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             I have wronged you in this effusion as often a I have shamed
             myself. To my mind, one cancels out the other, and by the
             arithmetic of compensation, we are acquitted—you by me
             and I by you.
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It is as if Lock has framed the story with book ends  This novel is both interesting in technique and storytelling. Lock quotes Emily Dickenson::: She dealt her  pretty words like blades– .  Lock does much the same in this novel.
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Lynette G. Esposito has been an Adjunct Professor at Rowan University, Burlington County and Camden County Colleges. She has taught creative writing and conducted workshops in New Jersey and Pennsylvania.  Mrs. Esposito holds a BA in English from the University of Illinois and an MA in Creative Writing and English Literature from Rutgers University.  Her articles have appeared in the national publication, Teaching for Success; regionally in South Jersey Magazine, SJ Magazine. Delaware Valley Magazine, and her essays have appeared in Reader’s Digest and The Philadelphia Inquirer. Her poetry has appeared in US1, SRN Review, The Fox Chase Review, Bindweed Magazine, Poetry Quarterly, That Literary Review, The Remembered Arts Journal, and other literary magazines. She has critiqued poetry for local and regional writer’s conferences and served as a panelist and speaker at local and national writer’s conferences.  She lives with her husband, Attilio, in Mount Laurel, NJ.
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Contributor Profile: Lynette G. Esposito

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Lynette G. Esposito is a regular contributor of book reviews to North of Oxford. Mrs. Esposito holds a BA in English from the University of Illinois and an MA in Creative Writing and English Literature from Rutgers University.  Mrs. Esposito has been an Adjunct Professor at Rowan University,  Burlington County and Camden County Colleges.  Her articles have appeared in the national publication, Teaching for Success; regionally in South Jersey Magazine, SJ Magazine. Delaware Valley Magazine, and her essays have appeared in Reader’s Digest and The Philadelphia Inquirer. A literary activist, Lynette has critiqued poetry for local and regional writer’s conferences and served as a panelist and speaker at local and national writer’s conferences.  You can read Mrs. Esposito’s reviews at North of Oxford at this link: https://northofoxford.wordpress.com/tag/lynette-g-esposito/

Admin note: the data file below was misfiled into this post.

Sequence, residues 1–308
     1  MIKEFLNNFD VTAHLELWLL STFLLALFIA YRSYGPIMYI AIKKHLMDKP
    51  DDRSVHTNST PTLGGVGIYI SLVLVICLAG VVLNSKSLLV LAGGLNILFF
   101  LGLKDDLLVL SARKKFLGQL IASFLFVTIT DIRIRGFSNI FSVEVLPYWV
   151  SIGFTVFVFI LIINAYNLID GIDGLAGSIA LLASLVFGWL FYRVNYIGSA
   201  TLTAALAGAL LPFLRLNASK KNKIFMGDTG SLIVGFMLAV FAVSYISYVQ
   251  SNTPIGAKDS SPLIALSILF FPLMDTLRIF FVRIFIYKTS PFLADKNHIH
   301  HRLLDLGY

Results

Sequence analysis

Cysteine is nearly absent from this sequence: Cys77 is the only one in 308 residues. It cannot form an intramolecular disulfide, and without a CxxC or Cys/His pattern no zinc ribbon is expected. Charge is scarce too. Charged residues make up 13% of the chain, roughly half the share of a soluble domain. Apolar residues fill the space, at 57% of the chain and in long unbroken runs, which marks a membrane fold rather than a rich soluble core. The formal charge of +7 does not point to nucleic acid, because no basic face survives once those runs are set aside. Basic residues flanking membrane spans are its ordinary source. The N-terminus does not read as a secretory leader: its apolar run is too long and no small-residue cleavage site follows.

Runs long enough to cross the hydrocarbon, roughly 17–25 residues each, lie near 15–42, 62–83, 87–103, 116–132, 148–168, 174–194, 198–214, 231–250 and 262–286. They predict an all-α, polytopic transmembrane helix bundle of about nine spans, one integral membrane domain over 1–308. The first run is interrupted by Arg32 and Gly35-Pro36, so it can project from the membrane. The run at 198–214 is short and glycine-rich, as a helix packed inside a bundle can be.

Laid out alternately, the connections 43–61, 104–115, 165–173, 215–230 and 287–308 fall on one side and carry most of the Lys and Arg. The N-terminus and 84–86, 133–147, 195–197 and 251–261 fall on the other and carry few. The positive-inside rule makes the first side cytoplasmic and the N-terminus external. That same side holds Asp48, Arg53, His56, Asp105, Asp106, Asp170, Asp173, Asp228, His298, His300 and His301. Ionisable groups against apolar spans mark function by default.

Lynette’s poetry has appeared in US1, SRN Review, The Fox Chase Review, Bindweed Magazine, Poetry Quarterly, That Literary Review, The Remembered Arts Journal, and other literary magazines.

Poetry Links for Lynette G. Esposito:

SN Review : http://www.snreview.org/03111Esposito.html

Bindweed Magazine: https://bindweedmagazine.wordpress.com/2017/09/07/lynette-g-esposito-1-poem/

That Literary Review: http://thatliteraryreview.com/PDFs/Issue3.pdf

The Remembered Arts Journal: https://rememberedarts.com/before-we-are-born-of-wind/

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She lives with her husband, Attilio, in Mount Laurel, NJ.

Amazing Things Are Happening Here by Jacob Appel

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By Lynette G. Esposito
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Bryn Chancellor, author of:,  When Are You Coming Home? says of Amazing Things Are Happening Here: Jacob Appel writes with an assuredness and verve that is mesmerizing.  The Stories in Amazing Things are Happening Here kept me riveted with their vivid places, surprising turns, and unflinching examination of all the complex, flawed ways we live.—and reckon with—our lives.
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The eight short stories in Appel’s Amazing Things Are Happening Here are amazingly fun to read. Chancellor is right.   The 152 page collection, published by Black Lawrence Press, presents vivid locations, surprising twists that explore the human condition, and  stories with clear and unflinching examination of complex truths of everyday people.